If you wish to be happy, argue with yourself on the side of happiness; take the side you wish to carry, and be careful not to talk on both sides, or to argue stronger for sorrow than for joy. You are the attorney for the case, and will win or lose according to your plea.
Mary Baker Eddy
Back on Board
We’ve all heard people say that we should take time to stop and smell the roses. It’s so simple, right? After all, who wouldn’t want to be reminded to find pleasure in the little things? But all too often it’s not simple. We are faced with the stressors of life and the strife of internal conflict that forever fuels questions about whether we’re doing the right thing, getting where we want to be, etc. So we often miss the opportunities to take joy in the little things.
Now imagine what it’s like to look back on your life. I’m not talking about a random trip down memory lane. I’m talking about an in-depth examination of the life you’ve led. Do you think there will be more examples of joy or sorrow? What would you find on such a journey of discovery? And what would you do with the results of such an examination once you uncovered them?
For many of you, your answer might simply be “I don’t know.” And you’re not alone. I’ve spent the last three years following a crazy adventure into the unknown.
A documentary-film producer read a New York Times article about me returning to diving after a nearly 20-year absence — in Will Sweeney’s mind there was more of a story to be told. Apparently he wasn’t the only one: Cheryl Furjanic, a critically acclaimed documentary producer and professor at New York University, realized that those under the age of 27 rarely new my name, let alone my contributions to the sport, my coming-out story, or my public acceptance of my HIV diagnosis at a time when the disease was misunderstood and people were dying from it quickly.
Returning to diving wasn’t something I had to do. In fact, I felt largely unwelcome. In 1976, after the Olympics in Montreal, where I won the silver medal, I heard, “He will never make it; he doesn’t have the killer instinct.” I was 16 at the time. Sure, there are naysayers for all who succeed in this life. But my feelings of being unwelcome were reinforced when a notable figure in diving was asked if he had read my bookBreaking the Surface after it hit the New York Times bestseller list. The response, which others didn’t know I heard, was, “Louganis is a stain on USA Diving. Now everyone is going to think we are Men’s Figure Skating of the aquatic world” — a comment that garnered many laughs from those involved in the discussion. But I got back in the diving world because I truly felt I had more to contribute.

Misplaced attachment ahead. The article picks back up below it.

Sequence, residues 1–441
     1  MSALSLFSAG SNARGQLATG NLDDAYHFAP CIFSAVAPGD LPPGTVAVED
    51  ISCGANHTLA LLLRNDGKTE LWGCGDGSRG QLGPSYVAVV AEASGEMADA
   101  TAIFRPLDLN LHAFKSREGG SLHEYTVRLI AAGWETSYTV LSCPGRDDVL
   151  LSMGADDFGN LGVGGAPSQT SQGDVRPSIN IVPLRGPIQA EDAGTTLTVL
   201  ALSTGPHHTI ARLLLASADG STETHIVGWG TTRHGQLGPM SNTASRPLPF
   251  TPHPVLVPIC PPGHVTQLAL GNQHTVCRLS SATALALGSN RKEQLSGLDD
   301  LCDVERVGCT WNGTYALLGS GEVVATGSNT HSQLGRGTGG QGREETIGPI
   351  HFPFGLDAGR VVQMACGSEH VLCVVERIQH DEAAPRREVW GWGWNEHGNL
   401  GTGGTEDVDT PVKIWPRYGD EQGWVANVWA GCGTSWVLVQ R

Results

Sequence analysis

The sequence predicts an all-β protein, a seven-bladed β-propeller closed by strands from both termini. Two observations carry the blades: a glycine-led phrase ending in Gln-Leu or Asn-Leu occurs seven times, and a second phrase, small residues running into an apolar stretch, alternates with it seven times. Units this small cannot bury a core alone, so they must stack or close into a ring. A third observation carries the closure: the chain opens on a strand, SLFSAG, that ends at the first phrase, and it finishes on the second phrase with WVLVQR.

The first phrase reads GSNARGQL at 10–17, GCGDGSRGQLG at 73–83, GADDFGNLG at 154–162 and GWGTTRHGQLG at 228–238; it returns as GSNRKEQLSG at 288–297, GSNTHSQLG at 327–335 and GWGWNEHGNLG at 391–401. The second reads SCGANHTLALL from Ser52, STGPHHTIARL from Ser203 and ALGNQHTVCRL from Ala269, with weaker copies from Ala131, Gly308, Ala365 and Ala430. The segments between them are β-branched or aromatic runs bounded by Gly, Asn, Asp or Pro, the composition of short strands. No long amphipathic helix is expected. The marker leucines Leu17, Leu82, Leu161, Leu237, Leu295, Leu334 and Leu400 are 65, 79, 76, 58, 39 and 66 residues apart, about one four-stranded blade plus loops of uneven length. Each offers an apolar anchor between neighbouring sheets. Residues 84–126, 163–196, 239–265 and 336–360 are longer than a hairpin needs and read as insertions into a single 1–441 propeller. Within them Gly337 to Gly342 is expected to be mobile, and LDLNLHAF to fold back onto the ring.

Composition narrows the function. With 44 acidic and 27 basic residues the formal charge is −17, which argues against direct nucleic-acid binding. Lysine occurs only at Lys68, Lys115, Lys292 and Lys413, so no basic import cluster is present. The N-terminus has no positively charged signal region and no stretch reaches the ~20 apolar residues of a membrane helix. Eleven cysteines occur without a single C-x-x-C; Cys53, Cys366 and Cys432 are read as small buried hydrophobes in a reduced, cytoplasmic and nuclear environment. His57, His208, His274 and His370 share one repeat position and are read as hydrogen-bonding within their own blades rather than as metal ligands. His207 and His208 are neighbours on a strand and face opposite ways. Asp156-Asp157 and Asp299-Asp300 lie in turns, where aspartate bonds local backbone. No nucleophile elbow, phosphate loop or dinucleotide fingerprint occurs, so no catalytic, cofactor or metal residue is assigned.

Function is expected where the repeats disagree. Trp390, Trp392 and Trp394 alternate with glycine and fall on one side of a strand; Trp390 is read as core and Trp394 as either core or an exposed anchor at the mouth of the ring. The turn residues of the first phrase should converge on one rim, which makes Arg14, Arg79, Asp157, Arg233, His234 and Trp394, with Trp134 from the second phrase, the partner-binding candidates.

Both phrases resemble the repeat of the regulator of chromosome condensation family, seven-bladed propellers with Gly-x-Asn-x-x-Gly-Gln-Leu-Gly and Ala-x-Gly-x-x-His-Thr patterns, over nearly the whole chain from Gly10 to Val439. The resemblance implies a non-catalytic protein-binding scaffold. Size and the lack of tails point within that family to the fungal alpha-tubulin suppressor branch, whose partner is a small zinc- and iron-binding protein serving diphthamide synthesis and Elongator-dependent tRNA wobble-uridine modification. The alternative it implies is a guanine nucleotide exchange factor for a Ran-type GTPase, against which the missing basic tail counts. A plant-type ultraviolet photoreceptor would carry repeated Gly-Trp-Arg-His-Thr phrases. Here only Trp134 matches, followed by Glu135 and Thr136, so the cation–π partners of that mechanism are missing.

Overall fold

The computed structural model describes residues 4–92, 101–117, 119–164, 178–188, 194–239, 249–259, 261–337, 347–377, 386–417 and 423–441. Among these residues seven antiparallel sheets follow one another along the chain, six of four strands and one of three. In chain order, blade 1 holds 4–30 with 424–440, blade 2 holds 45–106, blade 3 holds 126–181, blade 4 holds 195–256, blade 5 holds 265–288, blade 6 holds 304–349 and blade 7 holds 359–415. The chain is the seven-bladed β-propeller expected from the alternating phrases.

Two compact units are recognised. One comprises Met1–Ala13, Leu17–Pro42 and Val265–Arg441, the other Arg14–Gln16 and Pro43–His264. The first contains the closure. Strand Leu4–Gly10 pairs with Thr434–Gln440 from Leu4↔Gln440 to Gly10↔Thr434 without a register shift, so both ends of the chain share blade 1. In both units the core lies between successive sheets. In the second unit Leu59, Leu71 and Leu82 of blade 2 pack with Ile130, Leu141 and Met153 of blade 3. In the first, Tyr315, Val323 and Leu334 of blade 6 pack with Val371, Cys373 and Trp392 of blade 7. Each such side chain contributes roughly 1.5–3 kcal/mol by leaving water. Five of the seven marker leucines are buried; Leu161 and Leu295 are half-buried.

They approached me about participating in a biographical documentary project. You’re probably wondering my first thought was. It certainly seems self-serving. Who wants to hear my story? I didn’t want this to be another example of a fading star trying to grasp a last few minutes of fame.
But the more we talked, the more I realized that a story about my life isn’t about me as much as it’s about fighting to get where you want to be and questioning whether you’re doing the right thing along the way. In short, participating in this project could help others see that there’s a whole lot of life out there if we choose to live it and take advantage of opportunities to find beauty and joy as we do.
The resulting documentary, Back on Board, which premiered at the American Film Institute Documentary Festival in late June — and has won critical acclaim since — is a raw look at my life. I openly discuss struggles with life in general — not just being gay, living with HIV, and trying to find acceptance in a solitary sport and the world around me, but also life as a recovering alcoholic, dealing with the threat of losing my home due to some bad business decisions, the possibility of filing bankruptcy, and other very frank and honest topics.
The film is a harsh and thorough look into my life — sometimes inspiring, sometimes awkward, sometimes embarrassing. But all in all, it’s a truth told with honesty and love. And though I’m obviously its focus, the film could just as easily be about so many others — it’s bigger than me.
As I watched the final film amidst the attendees at the festival, it dawned on me that this project allowed me to “smell the roses,” so to speak, amidst the struggles and the triumphs of my life. And it forced me to ask myself a very harsh question: Why look back to find joy when you have the opportunity to experience it every day if you open yourself up to it?
So I pose the same question to you. Are you going to look back on your life to discover the joys and hope that outnumber the regrets, or are you going to start taking the moments to find the joy in your everyday?
To learn more about the film, visit louganisdoc.com.
Follow Greg Louganis on Twitter: www.twitter.com/greglouganis